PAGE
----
Legislation regulating protection and development

Published: 05 October 2020
Last edited: 05 October 2020

Previous to the inscription in the WH List, from 2000 to 2013, the HHTR World Heritage Administration and the Yuanyang Management Committee for World Heritage HHTR enacted a modern law and regulatory system to promote the sustainable development of the rice terraces based on local customary laws, such as regulations on forest protection and water resources use. They have drafted local laws, regulations and administrative measures. At the same time, they nominated the site to be protected at national level. They formulated conservation and management plans which were announced by the State Council and provincial people’s government so it could be incorporated into the national legal protection system. This would allow them to obtain State financial support. While using and maintaining the customary laws and village regulations, the conservation and management of the rice terraces are conducted according to the law and are gradually being integrated into the modern legal framework.

Classifications

Category
Legal and policy frameworks, policy advocacy
Scale of implementation
Local
Subnational
Phase of solution
Planning phase
Inception phase
Implementation
Monitoring
Review phase

Enabling factors

  • Modern management is integrated with community-based traditions through the setup of specialized conservation offices. These are complementary to the traditional social organization.
  • A clear understanding of the current state of conservation of the rice terraces and the management system through on-site research and work.
  • Issue of the Rules of Procedure and signing of the Target Responsibility which merged the traditional and modern conservation and law systems in China.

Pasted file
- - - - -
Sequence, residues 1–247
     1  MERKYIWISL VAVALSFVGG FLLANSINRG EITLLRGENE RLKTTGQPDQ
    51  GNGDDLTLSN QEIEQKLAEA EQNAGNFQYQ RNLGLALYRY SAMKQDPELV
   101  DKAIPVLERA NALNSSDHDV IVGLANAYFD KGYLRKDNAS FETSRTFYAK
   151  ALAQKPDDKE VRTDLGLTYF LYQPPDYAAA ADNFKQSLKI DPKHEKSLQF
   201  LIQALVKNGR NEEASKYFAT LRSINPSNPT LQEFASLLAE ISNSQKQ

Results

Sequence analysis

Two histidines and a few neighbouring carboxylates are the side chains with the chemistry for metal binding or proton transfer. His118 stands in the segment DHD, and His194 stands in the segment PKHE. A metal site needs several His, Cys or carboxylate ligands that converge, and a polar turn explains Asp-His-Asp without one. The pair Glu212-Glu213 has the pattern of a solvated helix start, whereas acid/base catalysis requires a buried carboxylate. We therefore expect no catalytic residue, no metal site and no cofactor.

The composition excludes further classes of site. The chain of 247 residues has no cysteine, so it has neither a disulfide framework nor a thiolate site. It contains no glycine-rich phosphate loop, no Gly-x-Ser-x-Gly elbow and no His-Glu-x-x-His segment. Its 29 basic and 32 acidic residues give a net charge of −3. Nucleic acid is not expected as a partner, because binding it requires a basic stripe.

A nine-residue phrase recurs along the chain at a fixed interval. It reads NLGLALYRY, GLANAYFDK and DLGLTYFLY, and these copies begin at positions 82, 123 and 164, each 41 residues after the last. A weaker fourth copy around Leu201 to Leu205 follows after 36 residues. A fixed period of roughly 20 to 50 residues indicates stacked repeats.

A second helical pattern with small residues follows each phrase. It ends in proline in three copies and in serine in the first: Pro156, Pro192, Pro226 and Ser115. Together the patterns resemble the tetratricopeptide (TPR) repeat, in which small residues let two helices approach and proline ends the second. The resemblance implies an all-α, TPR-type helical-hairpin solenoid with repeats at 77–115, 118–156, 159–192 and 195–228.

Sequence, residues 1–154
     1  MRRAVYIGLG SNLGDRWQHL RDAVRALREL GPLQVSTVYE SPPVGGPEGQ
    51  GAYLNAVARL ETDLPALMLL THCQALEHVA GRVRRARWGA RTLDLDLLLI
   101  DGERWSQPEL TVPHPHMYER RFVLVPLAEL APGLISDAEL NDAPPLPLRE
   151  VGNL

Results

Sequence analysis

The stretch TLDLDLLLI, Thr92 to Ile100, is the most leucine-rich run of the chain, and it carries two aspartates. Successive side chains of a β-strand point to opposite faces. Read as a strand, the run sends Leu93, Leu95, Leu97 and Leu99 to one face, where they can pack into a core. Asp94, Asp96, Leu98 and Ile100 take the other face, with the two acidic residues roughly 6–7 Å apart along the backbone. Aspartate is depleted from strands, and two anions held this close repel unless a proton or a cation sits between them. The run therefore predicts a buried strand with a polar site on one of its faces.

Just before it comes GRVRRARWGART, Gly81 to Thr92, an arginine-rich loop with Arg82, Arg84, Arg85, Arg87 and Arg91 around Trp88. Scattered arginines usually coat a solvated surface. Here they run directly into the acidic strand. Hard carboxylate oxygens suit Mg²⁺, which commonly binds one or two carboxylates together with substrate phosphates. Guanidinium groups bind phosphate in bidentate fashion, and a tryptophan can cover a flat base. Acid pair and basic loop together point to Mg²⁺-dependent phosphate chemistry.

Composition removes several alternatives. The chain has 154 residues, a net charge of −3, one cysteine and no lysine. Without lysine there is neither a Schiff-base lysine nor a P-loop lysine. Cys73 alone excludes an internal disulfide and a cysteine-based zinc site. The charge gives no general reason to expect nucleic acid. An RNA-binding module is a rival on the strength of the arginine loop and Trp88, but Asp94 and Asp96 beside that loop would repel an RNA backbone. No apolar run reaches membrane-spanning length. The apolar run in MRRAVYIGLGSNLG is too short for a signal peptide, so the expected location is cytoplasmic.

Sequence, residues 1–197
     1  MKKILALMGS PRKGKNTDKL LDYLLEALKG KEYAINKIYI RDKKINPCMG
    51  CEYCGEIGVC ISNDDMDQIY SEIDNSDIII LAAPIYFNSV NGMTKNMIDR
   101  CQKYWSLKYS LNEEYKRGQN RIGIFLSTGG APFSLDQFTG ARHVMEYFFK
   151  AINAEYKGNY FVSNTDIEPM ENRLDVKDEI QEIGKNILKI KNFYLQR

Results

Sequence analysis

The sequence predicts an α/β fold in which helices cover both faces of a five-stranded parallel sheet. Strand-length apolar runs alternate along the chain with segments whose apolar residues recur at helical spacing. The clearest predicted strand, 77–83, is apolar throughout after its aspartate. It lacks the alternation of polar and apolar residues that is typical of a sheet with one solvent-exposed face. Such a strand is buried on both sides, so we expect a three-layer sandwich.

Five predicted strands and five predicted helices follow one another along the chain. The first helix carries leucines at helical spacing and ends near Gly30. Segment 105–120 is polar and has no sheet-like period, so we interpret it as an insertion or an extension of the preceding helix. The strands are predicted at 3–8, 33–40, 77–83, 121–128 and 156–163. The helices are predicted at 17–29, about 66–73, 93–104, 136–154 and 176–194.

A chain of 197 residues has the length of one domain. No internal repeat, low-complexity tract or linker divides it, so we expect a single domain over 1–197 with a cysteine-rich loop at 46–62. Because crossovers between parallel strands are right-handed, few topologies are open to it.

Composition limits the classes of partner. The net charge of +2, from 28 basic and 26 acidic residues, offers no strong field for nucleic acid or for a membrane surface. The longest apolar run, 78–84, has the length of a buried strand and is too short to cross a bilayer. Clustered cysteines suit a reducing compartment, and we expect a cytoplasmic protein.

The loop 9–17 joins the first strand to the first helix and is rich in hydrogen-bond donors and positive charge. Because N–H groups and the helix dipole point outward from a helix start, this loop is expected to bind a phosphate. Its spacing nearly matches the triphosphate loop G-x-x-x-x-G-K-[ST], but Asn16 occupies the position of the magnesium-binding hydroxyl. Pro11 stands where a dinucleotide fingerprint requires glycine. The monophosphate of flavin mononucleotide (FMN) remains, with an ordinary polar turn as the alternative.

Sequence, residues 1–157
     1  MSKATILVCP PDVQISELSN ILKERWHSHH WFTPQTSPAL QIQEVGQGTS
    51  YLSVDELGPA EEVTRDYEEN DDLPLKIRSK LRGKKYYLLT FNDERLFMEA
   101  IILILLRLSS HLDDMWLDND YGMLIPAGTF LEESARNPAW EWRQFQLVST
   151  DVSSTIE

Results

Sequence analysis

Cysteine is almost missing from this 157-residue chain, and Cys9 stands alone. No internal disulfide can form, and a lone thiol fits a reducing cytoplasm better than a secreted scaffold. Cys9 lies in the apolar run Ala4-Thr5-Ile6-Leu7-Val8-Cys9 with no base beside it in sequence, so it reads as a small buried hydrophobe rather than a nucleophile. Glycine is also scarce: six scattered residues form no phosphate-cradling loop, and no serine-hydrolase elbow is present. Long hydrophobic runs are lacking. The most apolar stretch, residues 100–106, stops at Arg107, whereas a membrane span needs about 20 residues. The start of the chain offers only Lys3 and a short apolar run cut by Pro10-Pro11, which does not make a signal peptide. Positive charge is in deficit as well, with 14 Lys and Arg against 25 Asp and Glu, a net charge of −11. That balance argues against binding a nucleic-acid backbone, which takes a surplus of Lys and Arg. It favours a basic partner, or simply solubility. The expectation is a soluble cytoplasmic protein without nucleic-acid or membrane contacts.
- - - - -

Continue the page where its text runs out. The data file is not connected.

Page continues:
Lessons learned

  • The enactment of laws and regulations is conducive to the long-term protection of the rice terraces. It is also the challenge and opportunity for the integration of traditional customary law in the minorities’ remote areas and the modern legal system under a new dual social structure combining traditional and modern management system, which exist in parallel at different levels and have not been integrated.
  • In the context of the new dual social structure, the traditional community-based organization comprising “Migu-Mopi” (persons in charge of religious affairs and artisans, ditch diggers and forest rangers) is inadequate for the increasingly complex and rapidly changing modern society, as well as  the maintenance and development of the rice terraces. There is an urgent need to integrate with  the modern administrative system and carry out an innovative management of the rice terraces.
  • Raising awareness of cultural laws and regulations needs to be undertaken among local communities. This could reduce difficulties and management costs, improving conservation efficiency.